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Adult education is in general the opportunity for a person to enhance employment prospects, develop personally and professionally, and obtain transferable skills that can be deployed in the job market. In the case of women, who universally have fewer opportunities in every area, the role of education assumes greater significance in the effort of gender equality.

According to the European commission of Service for Foreign Policy Instruments that issued the following charter of Women’s Empowerment Principles, promoting education and training and professional development for women is crucial. Raising awareness, skill building, and translation of the latter into practice increases women’s economic options and promotes their sense of self worth.

There is a compelling need worldwide to increase these women’s awareness and understanding of their own potential to influence their lives, families, and communities. Given the specific characteristics of the particularly disadvantaged group to which women belong, educational training should offer them tools for finding their own motivation, developing self-confidence and determination, together with self-management and self-control skills. Taking action in order to help women coming from disadvantaged background of any kind and any sort through a tailor-made educational path is a duty that institutions at any level should embrace.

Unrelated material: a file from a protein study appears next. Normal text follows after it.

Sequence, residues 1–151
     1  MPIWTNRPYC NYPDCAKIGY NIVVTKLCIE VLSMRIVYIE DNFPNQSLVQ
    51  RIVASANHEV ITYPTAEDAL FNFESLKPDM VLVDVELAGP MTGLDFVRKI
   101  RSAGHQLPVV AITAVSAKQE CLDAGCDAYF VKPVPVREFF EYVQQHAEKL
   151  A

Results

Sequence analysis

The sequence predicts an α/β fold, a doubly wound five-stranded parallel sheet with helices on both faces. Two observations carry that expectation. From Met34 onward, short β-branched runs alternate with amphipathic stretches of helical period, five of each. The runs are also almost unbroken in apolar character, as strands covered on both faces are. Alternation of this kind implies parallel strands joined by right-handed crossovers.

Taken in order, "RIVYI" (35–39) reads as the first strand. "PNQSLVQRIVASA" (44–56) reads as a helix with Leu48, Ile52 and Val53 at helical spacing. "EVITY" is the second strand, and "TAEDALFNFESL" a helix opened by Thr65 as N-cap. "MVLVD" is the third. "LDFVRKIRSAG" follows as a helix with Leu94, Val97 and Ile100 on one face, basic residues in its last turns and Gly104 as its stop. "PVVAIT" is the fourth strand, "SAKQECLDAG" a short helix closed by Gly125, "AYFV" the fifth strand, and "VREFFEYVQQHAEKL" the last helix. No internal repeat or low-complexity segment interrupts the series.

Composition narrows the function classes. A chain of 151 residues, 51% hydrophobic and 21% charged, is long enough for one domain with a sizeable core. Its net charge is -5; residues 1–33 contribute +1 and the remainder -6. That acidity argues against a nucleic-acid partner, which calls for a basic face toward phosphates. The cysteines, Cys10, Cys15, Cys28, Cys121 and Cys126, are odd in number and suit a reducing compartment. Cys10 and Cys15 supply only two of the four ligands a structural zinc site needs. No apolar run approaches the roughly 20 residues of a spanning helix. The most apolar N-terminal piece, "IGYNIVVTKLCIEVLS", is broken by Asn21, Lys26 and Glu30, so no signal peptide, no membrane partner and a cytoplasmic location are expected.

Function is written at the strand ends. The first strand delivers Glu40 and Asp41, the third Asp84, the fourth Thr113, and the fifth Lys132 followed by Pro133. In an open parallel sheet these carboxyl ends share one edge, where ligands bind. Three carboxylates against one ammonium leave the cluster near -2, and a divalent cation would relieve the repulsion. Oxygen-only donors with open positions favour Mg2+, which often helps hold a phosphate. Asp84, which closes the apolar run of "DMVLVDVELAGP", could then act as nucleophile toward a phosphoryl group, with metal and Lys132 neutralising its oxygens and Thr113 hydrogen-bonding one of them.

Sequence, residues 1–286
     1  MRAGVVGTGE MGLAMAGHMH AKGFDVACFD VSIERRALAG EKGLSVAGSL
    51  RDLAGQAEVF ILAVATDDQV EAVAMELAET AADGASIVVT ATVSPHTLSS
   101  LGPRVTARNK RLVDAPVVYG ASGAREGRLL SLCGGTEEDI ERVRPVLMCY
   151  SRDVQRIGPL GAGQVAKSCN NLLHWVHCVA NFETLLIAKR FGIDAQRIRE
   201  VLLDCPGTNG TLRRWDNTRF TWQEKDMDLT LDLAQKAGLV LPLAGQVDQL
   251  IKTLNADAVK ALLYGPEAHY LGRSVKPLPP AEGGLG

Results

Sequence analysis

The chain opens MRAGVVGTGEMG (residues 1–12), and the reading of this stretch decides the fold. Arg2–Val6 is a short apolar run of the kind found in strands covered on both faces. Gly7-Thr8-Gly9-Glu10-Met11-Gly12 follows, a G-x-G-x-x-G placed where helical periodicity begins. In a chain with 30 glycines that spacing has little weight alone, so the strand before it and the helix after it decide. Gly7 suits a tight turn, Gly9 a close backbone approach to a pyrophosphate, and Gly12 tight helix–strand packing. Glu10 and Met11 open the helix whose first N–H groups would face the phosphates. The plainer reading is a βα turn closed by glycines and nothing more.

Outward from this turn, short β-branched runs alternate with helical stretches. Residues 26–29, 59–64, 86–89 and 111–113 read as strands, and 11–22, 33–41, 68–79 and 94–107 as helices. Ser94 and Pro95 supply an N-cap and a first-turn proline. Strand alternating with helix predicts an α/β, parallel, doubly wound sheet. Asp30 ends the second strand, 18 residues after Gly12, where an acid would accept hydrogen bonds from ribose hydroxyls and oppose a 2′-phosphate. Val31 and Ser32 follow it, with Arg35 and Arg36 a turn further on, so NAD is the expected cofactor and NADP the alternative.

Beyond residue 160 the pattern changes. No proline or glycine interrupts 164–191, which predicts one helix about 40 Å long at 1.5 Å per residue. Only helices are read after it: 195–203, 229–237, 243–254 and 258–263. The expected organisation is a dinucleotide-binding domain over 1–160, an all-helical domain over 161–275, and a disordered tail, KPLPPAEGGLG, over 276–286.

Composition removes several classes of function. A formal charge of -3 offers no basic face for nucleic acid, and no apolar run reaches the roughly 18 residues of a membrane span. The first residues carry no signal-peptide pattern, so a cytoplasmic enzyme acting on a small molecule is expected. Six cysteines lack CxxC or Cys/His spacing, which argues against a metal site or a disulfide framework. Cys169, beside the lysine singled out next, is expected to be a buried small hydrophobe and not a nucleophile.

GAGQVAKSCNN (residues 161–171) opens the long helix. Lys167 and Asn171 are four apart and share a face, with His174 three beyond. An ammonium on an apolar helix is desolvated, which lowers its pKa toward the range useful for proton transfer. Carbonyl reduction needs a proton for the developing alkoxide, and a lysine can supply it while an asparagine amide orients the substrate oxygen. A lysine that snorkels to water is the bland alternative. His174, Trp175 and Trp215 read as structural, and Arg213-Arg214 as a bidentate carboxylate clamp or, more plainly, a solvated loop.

The European project FORWARD, Fashion, Crafts and Design for Women Empowerment presents an example of how women from a disadvantaged background could be involved in a tailor made educational path, by giving them the opportunity to be part of a training course in a specific sector such as fashion, design and crafts. The innovative courses implemented by the three partners of FORWARD, aim to lead participants to achieve basic knowledge and understanding of each area of the sector as well as to achieve practical skills and competences that could be an important step towards self definition and self determination in relation to a possible future employment.

This final document, a collaborative report, demonstrates how the four organisations involved in the project (Flo, The Open Network, DFFWAC and FISM) – despite their differences – have come together to work on the implementation of the innovative training course, aiming to set a precedent for future similar projects in other European countries.

It has been a long journey, full of challenges and satisfactions, but above all it has been a remarkable opportunity for all participants (organisations, beneficiaries, trainers) to grow in competence and awareness, and the relationships that have been established during the project have been one first major step towards productive future collaborations.

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